Declining U.S. Influence in Latin America

Patricio Navia

Buenos Aires Herald, December 13, 2011


The recent creation of CELAC, yet another Latin American regional organization, highlights the lack of traction in the actual integration of Latin American nations as much as the declining power of the U.S. in the region.


The pompous inaugural summit of the Community of Latin American and Caribbean States (CELAC for its Spanish acronym) took place in Caracas on December 2, 2011. The event had little news repercussion in a region with way too many regional integration initiatives and an excessive number of presidential summits.


As the most recent political integration initiative launched in Latin America, CELAC is slightly different from other existing organizations. With its 33 member nations—2 less than the Organization of American States—it is the second largest regional organization. Other than the conspicuous absence of Canada and the United States and the equally prominent presence of Cuba, CELAC perfectly reproduces the OAS.  However, created in 1948—to replace the Pan American Union, an organization originally formed in 1910—the OAS has a much stronger and better funded institutional structure and scope of action.


Championed by Venezuelan President Hugo Chávez, Latin America’s leading anti-U.S. president (and thus the favorite villain in the eyes of American conservatives still trapped in Cold War logic), CELAC’s main objective is to show that Latin America has grown out of its historic dependent relationship with the United States.  Just as there is nothing better in the eyes of an adolescent to show her independence than to do things that will annoy adults around her, President Chávez wanted to show the irrelevance of regional integration initiatives led by Washington by creating a new organization that explicitly excludes the U.S.  Ironically, the creation of CELAC clearly highlights how much Latin American countries define their own regional identity vis-ŕ-vis the historic influence of the United States.


Strictly speaking, CELAC is the prolongation of the Rio Group, an organization formally created in 1986 and initially comprised of 8 democratic regimes in Latin America. The Rio Group was a direct successor of the Contadora initiative, a group created by Mexico, Colombia, Venezuela and Panama in the mid 1980’s to help end civil wars in Central America.  As more countries made a transition to democracy in the late 1980s and early 1980s, the Rio Group incorporated more members.  In 2010, the Rio Group and the Caribbean Community came together to form CELAC.


CELAC joins the OAS and other existing Latin American integration initiatives. The IberoAmerican Presidential Summit brings together Spain, Portugal and all Spanish and Portuguese speaking countries in the region.  Unasur, which includes the 12 independent countries of South America, is widely seen as a Brazilian effort to exert its regional leadership in competition with Mexico, the other Latin American giant.  Sub-regional integration initiatives, like Mercosur, the Andean Community and the Caribbean Community (CARICOM) are also part of the complicated web of Latin American integration initiatives.  Tough many people have forgotten about it, the Latin American integration Association (ALADI), created in 1980, remains as an organization charged with promoting a trade pact among all Latin American nations (excluding the U.S.). Presumably, with the creation of CELAC, the Rio Group has now formally disappeared, but the organization has not been officially ended.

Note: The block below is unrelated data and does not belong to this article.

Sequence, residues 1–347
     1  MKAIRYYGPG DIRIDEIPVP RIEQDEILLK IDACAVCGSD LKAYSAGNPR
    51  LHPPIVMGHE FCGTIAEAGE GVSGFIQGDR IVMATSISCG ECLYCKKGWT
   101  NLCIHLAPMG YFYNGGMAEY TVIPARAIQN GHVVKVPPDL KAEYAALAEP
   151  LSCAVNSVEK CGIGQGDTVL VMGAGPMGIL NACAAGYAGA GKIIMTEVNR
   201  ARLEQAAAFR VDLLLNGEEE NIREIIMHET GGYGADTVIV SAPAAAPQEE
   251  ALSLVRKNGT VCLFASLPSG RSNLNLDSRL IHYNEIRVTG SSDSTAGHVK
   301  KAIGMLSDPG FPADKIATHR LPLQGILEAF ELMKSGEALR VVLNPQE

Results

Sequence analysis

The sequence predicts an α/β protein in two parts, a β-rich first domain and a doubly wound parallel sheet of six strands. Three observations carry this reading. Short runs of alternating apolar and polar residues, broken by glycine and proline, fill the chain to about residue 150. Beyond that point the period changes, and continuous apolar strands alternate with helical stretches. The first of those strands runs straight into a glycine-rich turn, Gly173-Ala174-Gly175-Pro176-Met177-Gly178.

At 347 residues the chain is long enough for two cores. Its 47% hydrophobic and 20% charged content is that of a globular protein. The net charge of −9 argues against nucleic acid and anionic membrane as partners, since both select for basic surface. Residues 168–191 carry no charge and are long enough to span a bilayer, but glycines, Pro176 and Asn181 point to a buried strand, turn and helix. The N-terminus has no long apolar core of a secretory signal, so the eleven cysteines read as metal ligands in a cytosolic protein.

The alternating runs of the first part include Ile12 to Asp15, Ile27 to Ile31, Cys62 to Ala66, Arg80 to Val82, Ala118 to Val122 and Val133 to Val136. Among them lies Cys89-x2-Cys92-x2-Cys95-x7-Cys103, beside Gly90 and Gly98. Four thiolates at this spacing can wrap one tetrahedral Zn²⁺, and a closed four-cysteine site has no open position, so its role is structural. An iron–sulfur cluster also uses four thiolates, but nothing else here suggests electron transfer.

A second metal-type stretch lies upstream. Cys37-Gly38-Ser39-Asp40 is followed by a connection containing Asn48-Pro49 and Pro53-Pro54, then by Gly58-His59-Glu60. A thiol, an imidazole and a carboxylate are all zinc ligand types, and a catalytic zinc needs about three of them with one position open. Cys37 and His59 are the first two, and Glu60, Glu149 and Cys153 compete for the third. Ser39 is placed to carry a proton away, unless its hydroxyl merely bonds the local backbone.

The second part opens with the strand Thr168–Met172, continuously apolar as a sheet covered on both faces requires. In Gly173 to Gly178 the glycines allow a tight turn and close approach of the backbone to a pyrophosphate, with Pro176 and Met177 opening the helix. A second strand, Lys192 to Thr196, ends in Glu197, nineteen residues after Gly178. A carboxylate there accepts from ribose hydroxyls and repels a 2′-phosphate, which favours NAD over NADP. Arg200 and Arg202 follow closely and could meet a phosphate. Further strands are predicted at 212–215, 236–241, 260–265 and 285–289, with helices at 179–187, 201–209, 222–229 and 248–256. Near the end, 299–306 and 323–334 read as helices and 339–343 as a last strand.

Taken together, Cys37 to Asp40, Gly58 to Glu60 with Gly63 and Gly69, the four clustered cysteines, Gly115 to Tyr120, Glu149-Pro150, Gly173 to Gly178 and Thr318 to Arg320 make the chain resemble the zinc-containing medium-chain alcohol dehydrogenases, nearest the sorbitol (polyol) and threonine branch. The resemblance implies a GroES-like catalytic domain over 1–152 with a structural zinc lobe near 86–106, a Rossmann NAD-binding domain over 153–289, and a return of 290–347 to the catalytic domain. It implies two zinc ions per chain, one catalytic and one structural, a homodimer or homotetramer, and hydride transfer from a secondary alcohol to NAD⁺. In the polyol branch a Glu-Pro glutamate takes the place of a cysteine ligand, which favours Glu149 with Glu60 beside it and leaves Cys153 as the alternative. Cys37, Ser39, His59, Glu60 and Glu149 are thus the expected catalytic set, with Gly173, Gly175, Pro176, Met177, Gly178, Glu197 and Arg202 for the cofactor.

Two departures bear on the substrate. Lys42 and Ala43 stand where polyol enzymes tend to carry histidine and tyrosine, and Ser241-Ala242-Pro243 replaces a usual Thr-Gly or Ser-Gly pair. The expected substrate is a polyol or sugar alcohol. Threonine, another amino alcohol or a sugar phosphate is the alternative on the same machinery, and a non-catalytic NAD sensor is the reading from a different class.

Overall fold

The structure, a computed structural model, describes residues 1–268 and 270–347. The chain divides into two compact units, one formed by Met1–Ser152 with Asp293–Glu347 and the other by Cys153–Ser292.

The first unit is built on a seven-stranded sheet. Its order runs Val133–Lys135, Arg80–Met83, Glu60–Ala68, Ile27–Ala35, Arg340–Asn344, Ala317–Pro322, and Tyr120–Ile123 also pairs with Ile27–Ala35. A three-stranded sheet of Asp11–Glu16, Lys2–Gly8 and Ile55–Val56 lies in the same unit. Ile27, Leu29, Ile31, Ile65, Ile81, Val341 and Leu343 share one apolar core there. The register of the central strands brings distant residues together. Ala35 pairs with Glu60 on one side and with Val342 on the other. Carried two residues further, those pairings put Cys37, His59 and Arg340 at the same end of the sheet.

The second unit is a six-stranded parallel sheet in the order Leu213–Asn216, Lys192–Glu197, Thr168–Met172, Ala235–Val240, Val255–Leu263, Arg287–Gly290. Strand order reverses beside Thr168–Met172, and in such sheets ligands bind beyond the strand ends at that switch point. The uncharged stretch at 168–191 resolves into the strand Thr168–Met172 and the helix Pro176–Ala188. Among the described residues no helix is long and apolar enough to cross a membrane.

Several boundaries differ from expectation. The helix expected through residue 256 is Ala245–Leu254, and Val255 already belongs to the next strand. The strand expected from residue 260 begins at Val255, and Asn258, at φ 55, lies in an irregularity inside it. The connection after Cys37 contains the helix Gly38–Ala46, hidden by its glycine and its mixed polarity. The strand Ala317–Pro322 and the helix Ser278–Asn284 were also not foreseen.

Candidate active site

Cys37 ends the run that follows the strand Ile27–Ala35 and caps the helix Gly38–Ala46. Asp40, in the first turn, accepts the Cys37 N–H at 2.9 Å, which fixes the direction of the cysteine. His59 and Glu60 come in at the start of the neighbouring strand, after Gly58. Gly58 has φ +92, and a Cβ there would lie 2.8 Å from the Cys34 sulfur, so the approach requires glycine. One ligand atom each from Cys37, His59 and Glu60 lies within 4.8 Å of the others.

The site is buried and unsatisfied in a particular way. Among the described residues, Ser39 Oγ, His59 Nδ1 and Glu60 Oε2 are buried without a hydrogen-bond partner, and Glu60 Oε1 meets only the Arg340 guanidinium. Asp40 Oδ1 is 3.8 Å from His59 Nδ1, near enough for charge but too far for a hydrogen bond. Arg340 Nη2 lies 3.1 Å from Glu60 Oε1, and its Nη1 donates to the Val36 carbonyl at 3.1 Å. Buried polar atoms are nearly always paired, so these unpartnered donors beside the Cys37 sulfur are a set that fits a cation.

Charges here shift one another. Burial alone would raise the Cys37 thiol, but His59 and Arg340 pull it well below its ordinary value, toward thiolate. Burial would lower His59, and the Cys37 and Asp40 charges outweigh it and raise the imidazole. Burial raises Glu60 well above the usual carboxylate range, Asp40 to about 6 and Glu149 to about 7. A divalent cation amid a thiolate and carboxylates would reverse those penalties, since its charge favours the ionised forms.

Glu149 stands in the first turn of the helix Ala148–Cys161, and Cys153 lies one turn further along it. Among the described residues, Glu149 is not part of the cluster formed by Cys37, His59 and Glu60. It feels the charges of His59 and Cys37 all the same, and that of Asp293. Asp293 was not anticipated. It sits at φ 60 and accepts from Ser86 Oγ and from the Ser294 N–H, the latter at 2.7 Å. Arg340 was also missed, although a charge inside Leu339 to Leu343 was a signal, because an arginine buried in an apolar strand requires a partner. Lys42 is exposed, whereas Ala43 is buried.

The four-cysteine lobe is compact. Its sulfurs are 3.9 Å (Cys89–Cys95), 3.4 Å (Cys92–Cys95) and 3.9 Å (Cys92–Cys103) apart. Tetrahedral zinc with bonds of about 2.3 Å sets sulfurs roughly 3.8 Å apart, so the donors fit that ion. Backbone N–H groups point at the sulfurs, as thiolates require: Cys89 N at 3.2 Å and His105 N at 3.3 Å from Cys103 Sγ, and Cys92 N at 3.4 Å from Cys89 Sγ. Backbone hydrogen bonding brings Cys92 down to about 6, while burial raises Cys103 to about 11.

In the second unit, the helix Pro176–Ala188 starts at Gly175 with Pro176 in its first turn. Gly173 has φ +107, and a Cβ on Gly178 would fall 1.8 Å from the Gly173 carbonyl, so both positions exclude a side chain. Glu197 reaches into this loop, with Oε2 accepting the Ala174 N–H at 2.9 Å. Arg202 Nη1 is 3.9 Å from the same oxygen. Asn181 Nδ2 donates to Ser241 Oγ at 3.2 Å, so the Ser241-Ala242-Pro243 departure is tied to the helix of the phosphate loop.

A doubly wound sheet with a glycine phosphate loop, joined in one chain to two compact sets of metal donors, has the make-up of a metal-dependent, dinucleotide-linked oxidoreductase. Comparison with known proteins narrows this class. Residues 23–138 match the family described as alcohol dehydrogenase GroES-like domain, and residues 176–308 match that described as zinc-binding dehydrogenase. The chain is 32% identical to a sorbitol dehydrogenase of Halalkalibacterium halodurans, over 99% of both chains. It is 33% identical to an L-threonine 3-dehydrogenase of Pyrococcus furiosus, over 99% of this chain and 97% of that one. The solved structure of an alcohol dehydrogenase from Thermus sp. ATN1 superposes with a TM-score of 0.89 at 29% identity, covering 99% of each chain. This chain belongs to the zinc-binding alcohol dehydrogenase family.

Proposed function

To be sure, if Latin America continues to create multilateral organizations that seek to represent different regional blocs, there will eventually be more acronyms than countries in the region.  The proliferation of regional organizations with similar mandates and objectives underlines Latin American integration conundrum. On the one hand, the need to integrate and the intention to do it are evident. On the other, concrete steps towards real integration are blurred in a complex web of bureaucracy and duplicate structures.  The problem has gotten so bad that many presidents simply skip many presidential summits. Public opinion only pays attention when a scandal or an unscripted comment breaks an otherwise monotonous series of diplomatic speeches and politically correct declarations.


The proliferation of regional initiatives underlines the little actual progress in going from deeds to real economic, political and trade integration. The noticeable absence of the U.S. government from many of the initiatives points to a declining American influence in the region. It would reasonable to argue that the U.S. does well in abstaining from participating in new initiatives that simply duplicate existing ones. However, the real news is that the U.S. is not even invited to several of these initiatives.


Thus, even though there is very limited actual progress accomplished by these integration initiatives, the fact that the U.S. is not on the guest list speaks volumes as to the prevalent long term vision of regional development and integration in Latin American these days.  Actual progress on the integration roadmap is certainly limited and presidential summits are becoming much-a-do-about-nothing affairs. However, the fact that the U.S. is no longer a part of the constant going in circles and not moving forward does signify a dramatic departure from the times when the U.S. championed and promoted equally discrete and disappointing regional integration initiatives.